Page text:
Don't Be so Concerned about DeSean Jackson's Numbers with Kevin Kolb

Mike BurkeCorrespondent IOctober 13, 2010

EAST RUTHERFORD, NJ - DECEMBER 13:  DeSean Jackson #10 of the Philadelphia Eagles celebrates after scoring a touchdown on a punt return in the second quarter against the New York Giants at Giants Stadium on December 13, 2009 in East Rutherford, New Jersey.  (Photo by Nick Laham/Getty Images)
Nick Laham/Getty Images

Despite Kevin Kolb’s performance on Sunday against the 49ers, there are those out there who are concerned about his connection with DeSean Jackson.

On Sunday, Kolb targeted Jackson just three times for two completions that went for 24 yards.

The reason for concern here is that, in the two games that Michael Vick started, Jackson combined for nine receptions for 288 yards and two touchdowns. Vick is a big play-type quarterback, and Jackson is a big play-type receiver, so it’s been a very successful combination through it’s limited time.

However, people are wrong if they think that Jackson will never has success with Kolb at the helm.

Let’s take a minute to flash back to last season. It’s Week 2, and Kolb is making his first career start against the Saints.

Trailing 7-0 in the first quarter, Kolb connects with Jackson for a 71-yard touchdown to tie the game. Jackson finished with 101 yards on the game.

Now let’s look to Kolb’s second start in 2009 against the Chiefs. With a 14-7 lead in the second quarter, Kolb hits Jackson for a 64-yard touchdown.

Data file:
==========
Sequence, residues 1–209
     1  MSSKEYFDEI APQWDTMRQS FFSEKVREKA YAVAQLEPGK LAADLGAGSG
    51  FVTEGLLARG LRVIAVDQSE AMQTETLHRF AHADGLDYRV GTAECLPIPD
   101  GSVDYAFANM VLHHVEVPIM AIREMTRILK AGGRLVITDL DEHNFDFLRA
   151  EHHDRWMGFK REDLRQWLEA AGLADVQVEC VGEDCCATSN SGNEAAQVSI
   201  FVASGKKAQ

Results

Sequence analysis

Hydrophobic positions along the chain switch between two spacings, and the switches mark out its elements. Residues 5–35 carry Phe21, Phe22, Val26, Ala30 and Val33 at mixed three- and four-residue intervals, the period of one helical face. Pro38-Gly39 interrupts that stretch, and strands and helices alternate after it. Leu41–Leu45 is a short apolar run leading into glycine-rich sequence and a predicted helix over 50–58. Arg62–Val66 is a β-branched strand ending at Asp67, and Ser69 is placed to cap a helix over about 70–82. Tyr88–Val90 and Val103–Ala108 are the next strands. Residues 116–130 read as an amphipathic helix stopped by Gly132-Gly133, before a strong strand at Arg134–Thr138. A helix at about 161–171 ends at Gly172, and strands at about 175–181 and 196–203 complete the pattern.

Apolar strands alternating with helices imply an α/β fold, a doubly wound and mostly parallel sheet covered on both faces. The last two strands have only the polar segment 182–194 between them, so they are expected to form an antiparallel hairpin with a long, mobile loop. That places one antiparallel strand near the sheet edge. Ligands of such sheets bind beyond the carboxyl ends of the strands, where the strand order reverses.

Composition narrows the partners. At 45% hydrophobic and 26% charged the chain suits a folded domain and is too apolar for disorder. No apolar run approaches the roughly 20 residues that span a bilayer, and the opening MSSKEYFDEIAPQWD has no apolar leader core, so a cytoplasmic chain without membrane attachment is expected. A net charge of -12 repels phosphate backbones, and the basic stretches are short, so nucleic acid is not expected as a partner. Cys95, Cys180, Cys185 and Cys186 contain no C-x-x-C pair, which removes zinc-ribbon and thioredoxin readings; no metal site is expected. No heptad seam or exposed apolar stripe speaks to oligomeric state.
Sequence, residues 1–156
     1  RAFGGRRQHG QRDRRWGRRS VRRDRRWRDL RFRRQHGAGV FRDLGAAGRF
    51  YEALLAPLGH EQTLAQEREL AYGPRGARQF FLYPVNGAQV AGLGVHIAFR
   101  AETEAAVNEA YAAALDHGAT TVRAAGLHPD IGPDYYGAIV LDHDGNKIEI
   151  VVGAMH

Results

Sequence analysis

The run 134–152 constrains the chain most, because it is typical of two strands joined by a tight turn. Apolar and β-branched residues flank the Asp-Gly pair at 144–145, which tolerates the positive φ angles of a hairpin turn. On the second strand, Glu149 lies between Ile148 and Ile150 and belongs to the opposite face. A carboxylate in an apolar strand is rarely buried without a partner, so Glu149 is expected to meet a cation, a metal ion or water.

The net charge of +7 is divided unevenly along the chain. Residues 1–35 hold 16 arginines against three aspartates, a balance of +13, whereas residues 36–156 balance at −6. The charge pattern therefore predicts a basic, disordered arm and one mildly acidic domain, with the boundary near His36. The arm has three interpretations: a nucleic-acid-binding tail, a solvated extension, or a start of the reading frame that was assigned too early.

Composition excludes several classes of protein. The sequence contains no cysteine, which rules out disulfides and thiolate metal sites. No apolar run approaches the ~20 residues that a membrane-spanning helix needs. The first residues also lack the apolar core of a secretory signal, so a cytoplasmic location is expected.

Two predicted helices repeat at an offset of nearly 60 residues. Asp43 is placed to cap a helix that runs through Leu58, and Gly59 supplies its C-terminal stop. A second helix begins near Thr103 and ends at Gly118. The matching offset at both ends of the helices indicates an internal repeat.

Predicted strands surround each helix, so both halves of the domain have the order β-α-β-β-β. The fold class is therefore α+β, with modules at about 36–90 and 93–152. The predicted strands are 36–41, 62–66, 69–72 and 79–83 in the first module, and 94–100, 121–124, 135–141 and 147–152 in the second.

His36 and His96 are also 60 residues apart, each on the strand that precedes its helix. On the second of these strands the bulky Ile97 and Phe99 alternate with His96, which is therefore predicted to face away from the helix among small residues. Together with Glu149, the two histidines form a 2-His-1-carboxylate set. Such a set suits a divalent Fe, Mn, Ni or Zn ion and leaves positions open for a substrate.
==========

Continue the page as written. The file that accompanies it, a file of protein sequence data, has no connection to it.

Jackson finished with 149 yards receiving on the day.

Kolb came in last year and immediately had chemistry, so why hasn’t he this year? There are numerous reasons.

Jackson gets more attention now than ever, and teams will look to take him out of the game as much as they can. Also, Jackson tends to find holes in defenses when the quarterback scrambles.

Guys like Vick and Donovan McNabb tend to scramble out of the pocket, and when they do, Jackson likes to sit in these spots down the field where he finds himself wide open.

However, the biggest thing to me is time, and this has a double meaning. Our line is awful and everyone knows it.

It’s hard to draw up deep plays when you know your quarterback only has limited time in the pocket. Jackson may be fast, but there’s no guarantee that the line can hold long enough for him to get down the field.

The second meaning of time has to do with rhythm. You always hear about quarterbacks and how they need to develop timing with their receivers.

With the way the season has gone for Kolb, I just don’t believe his timing has been all there. We’ve seen him make some great timing throws, but he needs to get the live reps to be able to take his game to the next level.

So believe what you may, but Jackson and Kolb will be fine together.